The Associated Press has formally opened a bureau in Yangon, Myanmar, the first international news agency permitted to operate full time in the country, which has relaxed its longtime restrictions on media amid a wave of democratic reforms.
AP is now positioned to expand its coverage of the unfolding transition in Myanmar, across all media platforms, for its members and customers around the world. It became one of the first two international news organizations to be legally registered in the country also known as Burma.
AP journalists already had begun working from a new office in Yangon late last year while authorities prepared rules allowing international news bureaus to open. Also registered in Myanmar today was the Japanese television network NHK.
Six multiformat journalists will staff the new AP bureau. Among them is Aye Aye Win, an award-winning correspondent who has reported from her native country for the AP since 1989. She took over the job from another AP veteran—her father, U Sein Win—who had covered the country for AP for 20 years and who was jailed by a previous government. Aye Aye Win was honored for courage in 2008 by the International Women's Media Foundation.
“AP has a proud history of reportage from Myanmar, and the new multimedia bureau marks the beginning of an even more robust commitment,” said AP president and CEO Gary Pruitt. “We hope to build on our efforts and cover the important changes there for many years to come.”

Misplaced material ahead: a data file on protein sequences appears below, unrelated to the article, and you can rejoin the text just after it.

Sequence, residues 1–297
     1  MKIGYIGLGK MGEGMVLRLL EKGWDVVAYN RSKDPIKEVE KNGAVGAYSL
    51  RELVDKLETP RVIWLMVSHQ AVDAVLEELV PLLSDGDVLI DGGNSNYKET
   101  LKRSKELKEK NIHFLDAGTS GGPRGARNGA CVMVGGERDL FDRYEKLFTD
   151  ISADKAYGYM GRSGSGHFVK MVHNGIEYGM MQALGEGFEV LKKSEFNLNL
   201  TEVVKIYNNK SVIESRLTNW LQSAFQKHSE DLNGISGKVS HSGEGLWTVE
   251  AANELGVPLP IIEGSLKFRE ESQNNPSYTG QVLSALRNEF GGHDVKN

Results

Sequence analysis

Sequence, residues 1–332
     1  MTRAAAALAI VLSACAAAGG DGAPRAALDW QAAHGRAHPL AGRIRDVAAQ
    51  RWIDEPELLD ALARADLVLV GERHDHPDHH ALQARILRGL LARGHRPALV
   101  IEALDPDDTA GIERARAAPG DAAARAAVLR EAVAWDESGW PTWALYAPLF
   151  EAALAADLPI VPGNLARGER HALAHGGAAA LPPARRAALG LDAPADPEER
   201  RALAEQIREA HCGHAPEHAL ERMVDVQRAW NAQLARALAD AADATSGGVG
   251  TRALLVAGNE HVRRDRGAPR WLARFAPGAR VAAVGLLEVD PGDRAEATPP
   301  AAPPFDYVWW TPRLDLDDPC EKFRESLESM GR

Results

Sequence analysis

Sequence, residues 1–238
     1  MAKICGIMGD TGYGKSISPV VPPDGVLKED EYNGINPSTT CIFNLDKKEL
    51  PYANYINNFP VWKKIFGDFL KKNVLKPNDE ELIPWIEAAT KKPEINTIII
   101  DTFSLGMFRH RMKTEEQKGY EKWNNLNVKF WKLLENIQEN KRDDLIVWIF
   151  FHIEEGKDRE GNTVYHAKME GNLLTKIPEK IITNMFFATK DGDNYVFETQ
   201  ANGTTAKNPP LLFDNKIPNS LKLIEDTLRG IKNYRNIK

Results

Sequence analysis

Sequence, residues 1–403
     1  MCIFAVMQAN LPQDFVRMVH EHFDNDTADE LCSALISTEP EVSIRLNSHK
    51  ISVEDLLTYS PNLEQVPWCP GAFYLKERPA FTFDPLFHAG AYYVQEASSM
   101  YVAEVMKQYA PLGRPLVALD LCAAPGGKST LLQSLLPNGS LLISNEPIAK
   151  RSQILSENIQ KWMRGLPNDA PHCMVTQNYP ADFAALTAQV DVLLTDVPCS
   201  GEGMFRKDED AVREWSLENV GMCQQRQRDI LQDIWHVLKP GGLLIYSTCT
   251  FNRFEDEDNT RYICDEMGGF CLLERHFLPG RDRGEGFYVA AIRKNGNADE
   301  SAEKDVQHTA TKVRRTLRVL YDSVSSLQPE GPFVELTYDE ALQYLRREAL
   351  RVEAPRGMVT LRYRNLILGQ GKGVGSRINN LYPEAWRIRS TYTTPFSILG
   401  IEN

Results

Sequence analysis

Senior vice president and executive editor Kathleen Carroll said: “We take great pride in our independent and impartial reporting, and coverage of Myanmar has been a priority for many years. A full-time, multimedia bureau staffed by talented local and international journalists will enable AP to provide even more coverage of the historic changes underway.”
AP operates in more than 280 locations in 110 countries and is committed to covering the world for its global client base. The new bureau in Myanmar follows AP’s opening of a bureau in Pyongyang, North Korea, in January 2012, when it became the first Western news organization to operate full time in the mostly shrouded communist state